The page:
We were excited that Kang Yi had found her passion in sports, but were quite aware of the rigour involved in professional competition. However, we believe that once she puts her mind to something, she can achieve it!

How do you support her when she hits a mental or physical block?

Dad: As an ex-basketball player myself, I support Kang Yi by reviewing her clips, sharing basketball tips to encourage her, and proposing different methods of approaching a problem.

Mum: I encourage her to do her best and enjoy the game, offering a listening ear for any problems she has. Occasionally, I give her massages to help in her recovery.

Do you have other kids? How did you juggle supporting Kang Yi and her siblings when she was competing for Team Singapore?

Yes, we have two adult sons who are very understanding. It also helps that our family is tight-knit and very supportive of each other. As parents, we want our children to be happy and enjoy pursuing their interests, so we encourage them to engage in other activities or interests beyond academics. We do our best to provide for each child so they can pursue their dreams!

In Singapore, there is so much emphasis on academics, and sports is often left behind as something you do for fun. Before Kang Yi became a professional basketball player, did you face any backlash from friends or relatives about allowing her to pursue sports?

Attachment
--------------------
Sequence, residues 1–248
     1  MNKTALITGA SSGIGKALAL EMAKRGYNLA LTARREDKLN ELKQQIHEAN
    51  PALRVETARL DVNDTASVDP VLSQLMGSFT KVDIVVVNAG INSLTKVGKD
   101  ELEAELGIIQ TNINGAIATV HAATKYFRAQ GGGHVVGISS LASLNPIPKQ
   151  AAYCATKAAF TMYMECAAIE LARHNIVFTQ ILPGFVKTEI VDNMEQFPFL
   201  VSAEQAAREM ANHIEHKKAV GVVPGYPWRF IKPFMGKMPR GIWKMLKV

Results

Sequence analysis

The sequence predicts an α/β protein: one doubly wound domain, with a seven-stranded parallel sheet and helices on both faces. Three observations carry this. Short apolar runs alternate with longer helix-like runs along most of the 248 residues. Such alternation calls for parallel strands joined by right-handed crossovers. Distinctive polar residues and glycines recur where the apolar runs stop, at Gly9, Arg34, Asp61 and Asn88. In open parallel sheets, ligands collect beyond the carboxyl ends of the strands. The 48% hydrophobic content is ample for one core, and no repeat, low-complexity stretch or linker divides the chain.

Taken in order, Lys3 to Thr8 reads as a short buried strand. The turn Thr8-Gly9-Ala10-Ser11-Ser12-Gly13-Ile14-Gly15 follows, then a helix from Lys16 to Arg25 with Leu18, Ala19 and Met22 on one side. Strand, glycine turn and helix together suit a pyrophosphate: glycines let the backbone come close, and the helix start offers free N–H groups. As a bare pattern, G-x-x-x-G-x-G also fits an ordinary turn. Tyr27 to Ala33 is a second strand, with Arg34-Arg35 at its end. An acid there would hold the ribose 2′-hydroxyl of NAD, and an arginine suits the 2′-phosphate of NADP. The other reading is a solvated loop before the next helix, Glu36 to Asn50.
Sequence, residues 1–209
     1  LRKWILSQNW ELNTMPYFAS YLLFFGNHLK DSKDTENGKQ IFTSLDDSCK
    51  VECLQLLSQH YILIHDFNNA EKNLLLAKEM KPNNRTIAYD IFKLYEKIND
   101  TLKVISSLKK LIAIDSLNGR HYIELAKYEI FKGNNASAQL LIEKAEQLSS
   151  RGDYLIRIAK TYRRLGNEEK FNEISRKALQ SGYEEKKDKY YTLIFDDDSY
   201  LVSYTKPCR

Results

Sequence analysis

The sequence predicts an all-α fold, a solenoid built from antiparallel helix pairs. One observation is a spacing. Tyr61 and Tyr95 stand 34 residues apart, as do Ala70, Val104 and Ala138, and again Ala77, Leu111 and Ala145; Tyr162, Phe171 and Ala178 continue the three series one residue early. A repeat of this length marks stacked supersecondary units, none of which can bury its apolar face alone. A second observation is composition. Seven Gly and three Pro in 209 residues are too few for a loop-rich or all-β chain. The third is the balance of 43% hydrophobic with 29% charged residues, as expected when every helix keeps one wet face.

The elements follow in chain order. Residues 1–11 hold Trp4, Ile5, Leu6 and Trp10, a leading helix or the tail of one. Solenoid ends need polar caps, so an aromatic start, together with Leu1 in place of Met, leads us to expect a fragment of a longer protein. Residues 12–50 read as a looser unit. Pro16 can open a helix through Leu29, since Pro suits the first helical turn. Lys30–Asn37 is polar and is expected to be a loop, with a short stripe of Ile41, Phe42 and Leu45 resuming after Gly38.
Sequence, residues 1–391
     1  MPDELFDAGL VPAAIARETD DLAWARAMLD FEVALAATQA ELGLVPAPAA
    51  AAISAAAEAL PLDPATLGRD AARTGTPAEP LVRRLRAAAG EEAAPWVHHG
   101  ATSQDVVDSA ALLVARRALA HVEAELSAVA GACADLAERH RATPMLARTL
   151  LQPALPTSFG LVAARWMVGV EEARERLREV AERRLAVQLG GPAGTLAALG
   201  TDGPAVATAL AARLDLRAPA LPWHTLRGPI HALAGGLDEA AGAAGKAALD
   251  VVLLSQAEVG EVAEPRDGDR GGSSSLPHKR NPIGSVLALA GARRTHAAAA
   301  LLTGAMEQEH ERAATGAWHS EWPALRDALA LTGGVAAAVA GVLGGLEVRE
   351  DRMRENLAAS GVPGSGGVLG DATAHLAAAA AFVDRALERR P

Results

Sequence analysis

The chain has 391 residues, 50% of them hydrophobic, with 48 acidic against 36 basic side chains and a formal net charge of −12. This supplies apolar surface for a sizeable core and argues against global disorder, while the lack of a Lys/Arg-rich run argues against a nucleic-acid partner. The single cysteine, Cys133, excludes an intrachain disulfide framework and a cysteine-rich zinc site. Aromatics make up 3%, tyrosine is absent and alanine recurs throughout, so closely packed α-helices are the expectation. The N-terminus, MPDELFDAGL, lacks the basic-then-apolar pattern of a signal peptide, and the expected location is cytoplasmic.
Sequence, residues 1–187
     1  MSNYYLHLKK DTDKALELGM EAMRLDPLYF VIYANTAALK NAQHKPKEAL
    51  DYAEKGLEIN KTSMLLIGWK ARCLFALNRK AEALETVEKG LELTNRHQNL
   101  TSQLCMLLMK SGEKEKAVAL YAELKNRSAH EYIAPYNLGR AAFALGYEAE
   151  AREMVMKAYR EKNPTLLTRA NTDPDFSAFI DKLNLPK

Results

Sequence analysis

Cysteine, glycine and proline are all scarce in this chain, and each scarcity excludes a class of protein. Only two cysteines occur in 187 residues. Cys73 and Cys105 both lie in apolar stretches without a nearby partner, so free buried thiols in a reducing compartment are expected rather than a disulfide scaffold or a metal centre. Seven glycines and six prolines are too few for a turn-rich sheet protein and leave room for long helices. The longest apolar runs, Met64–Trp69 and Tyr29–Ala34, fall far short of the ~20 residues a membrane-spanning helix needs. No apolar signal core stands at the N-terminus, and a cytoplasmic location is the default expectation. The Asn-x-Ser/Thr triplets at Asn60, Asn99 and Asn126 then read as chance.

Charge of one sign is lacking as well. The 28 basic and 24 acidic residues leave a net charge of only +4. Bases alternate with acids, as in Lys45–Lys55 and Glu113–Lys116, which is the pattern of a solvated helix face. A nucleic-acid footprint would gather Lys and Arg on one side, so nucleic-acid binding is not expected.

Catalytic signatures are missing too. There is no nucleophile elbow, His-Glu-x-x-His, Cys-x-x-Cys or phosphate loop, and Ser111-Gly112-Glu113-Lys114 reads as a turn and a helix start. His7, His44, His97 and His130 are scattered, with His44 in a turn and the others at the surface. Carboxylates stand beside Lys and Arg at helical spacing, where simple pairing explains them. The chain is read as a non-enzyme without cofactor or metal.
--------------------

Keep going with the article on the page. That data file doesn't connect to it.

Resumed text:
Fortunately, all our relatives are supportive of her choice. We also believe that athletes should focus on their sporting dreams when they are young and in their prime!

What advice would you give to parents of kids who are interested in pursuing sports?

Dad: Support your child in pursuing and enjoying their interests when they are young! While achieving academic excellence at university is ideal, this can be done when your child is older. If they really love a sport and are talented, I believe they should prioritise achieving sporting excellence early.

Mum: My advice is to trust and offer support to your child, and to believe they are capable. Be a reliable listening ear, and communicate your feelings and concerns instead of immediately controlling what they can or cannot do!

Thanks so much for speaking with us and all the best in your upcoming FIBA game Tan Kang Yi!

Lead image credit: Jumpshot Singapore